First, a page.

Review of The Second Mango (Mangoverse #1), by Shira Glassman

The Second MangoI borrowed Shira Glassman‘s The Second Mango from my local library.

Description from Goodreads:
Queen Shulamit never expected to inherit the throne of the tropical land of Perach so young. At twenty, grief-stricken and fatherless, she’s also coping with being the only lesbian she knows after her sweetheart ran off for an unknown reason. Not to mention, she’s the victim of severe digestive problems that everybody think she’s faking. When she meets Rivka, an athletic and assertive warrior from the north who wears a mask and pretends to be a man, she finds the source of strength she needs so desperately.

Unfortunately for her, Rivka is straight, but that’s okay — Shulamit needs a surrogate big sister just as much as she needs a girlfriend. Especially if the warrior’s willing to take her around the kingdom on the back of her dragon in search of other women who might be open to same-sex romance. The real world outside the palace is full of adventure, however, and the search for a royal girlfriend quickly turns into a rescue mission when they discover a temple full of women turned to stone by an evil sorcerer.

Review:
Do I rate a book on my opinion of the story the author sought to tell or the one actually written? There are so many of aspects of this that I appreciate. It’s a story of genuine friendship between women, with no romantic underpinnings. Unusually, the world appears to be based on Judaism, instead of Christianity. There is a character with a significant dietary limitation. The main character is a queen, not a princess, therefore inhabiting a position of power and authority. There is diversity in both the gender and sexuality arenas. The women save the day. In fact, there are hardly any significant men in the book at all; all things you rarely find in fiction.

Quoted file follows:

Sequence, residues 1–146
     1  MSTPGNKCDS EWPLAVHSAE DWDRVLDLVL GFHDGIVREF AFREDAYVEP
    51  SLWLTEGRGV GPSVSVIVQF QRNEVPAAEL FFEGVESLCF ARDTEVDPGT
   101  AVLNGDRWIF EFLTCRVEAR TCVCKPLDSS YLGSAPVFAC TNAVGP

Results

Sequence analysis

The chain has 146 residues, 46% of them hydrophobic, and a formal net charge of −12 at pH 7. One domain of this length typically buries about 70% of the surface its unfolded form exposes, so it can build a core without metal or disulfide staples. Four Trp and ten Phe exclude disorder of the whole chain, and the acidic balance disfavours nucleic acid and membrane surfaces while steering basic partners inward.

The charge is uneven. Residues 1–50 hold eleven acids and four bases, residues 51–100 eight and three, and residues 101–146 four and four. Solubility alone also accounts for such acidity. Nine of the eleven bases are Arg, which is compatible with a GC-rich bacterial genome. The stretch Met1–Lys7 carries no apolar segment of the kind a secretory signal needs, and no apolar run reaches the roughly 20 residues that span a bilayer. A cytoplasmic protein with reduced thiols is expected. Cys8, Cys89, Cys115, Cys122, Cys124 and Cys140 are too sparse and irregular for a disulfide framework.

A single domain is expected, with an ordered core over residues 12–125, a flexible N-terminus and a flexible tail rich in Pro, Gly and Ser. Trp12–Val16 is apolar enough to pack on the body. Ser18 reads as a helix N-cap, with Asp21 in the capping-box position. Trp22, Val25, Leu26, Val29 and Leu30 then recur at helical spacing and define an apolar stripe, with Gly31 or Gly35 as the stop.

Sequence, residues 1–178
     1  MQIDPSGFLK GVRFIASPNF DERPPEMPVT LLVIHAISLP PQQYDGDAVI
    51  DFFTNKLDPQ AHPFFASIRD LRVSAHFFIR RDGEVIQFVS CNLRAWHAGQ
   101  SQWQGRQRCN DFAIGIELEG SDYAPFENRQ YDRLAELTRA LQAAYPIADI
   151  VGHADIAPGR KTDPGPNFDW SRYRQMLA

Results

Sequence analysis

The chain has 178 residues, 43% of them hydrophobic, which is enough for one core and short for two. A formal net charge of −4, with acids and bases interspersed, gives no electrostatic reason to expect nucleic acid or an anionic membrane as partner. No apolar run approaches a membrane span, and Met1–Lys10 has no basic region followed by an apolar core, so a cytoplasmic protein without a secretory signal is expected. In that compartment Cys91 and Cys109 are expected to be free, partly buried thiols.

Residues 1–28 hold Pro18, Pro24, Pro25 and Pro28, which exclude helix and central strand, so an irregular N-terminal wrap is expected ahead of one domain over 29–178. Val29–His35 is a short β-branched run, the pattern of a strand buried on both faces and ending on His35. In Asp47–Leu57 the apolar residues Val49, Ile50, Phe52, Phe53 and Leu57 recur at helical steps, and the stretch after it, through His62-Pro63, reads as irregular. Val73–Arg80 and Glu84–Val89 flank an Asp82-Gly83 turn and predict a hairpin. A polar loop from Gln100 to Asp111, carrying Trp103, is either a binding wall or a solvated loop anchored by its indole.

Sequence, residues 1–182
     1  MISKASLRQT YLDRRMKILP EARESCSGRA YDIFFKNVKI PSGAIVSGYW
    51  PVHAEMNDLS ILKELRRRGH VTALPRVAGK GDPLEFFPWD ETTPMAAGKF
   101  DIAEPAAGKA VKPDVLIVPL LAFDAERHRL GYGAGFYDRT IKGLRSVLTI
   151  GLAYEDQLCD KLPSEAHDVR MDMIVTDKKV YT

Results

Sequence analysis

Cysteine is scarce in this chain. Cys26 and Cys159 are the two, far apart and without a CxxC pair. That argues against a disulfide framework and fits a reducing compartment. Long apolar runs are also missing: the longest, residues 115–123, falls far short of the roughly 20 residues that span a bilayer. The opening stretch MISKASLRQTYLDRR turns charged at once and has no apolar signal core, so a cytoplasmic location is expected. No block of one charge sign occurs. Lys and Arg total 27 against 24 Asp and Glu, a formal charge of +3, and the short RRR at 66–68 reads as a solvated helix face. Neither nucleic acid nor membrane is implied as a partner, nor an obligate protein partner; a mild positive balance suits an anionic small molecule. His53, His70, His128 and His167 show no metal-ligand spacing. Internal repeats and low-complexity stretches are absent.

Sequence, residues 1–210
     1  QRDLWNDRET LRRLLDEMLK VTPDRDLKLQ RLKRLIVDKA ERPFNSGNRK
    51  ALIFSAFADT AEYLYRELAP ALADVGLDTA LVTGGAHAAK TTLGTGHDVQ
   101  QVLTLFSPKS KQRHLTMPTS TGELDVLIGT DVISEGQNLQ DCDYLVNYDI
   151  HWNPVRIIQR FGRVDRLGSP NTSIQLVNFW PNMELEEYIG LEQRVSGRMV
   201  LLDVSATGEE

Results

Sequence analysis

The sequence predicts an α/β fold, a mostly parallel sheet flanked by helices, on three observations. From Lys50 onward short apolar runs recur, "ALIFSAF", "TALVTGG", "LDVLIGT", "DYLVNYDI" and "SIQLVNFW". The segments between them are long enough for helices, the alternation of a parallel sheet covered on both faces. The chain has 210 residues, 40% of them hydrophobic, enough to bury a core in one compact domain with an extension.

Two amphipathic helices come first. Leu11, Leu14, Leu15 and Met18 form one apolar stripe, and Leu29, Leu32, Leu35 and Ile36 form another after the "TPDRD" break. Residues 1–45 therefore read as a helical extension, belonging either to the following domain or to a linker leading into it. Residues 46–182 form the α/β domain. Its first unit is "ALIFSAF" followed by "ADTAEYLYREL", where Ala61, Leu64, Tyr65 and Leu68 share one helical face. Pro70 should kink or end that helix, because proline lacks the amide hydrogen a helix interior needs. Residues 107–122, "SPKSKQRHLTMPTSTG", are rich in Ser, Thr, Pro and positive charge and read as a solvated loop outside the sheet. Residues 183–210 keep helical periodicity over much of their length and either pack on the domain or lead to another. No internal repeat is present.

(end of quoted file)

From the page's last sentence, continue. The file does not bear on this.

But, but, but…if not for the sex, I would call this Middle Grade Fiction. The writing is that simplistic and childish. The solutions are come to that simply. The happy endings (for everyone) come about that predictably and everyone talks and acts with that level of maturity and deep thinking. The book feels like it’s written for and by a child, a child with a firm grasp of grammar granted, but a child all the same. And if I thought it really was Middle Grade Fiction I could hardly fault it for that. But I don’t think it is, so in the end, I’m just left with a kiddie book for adults.

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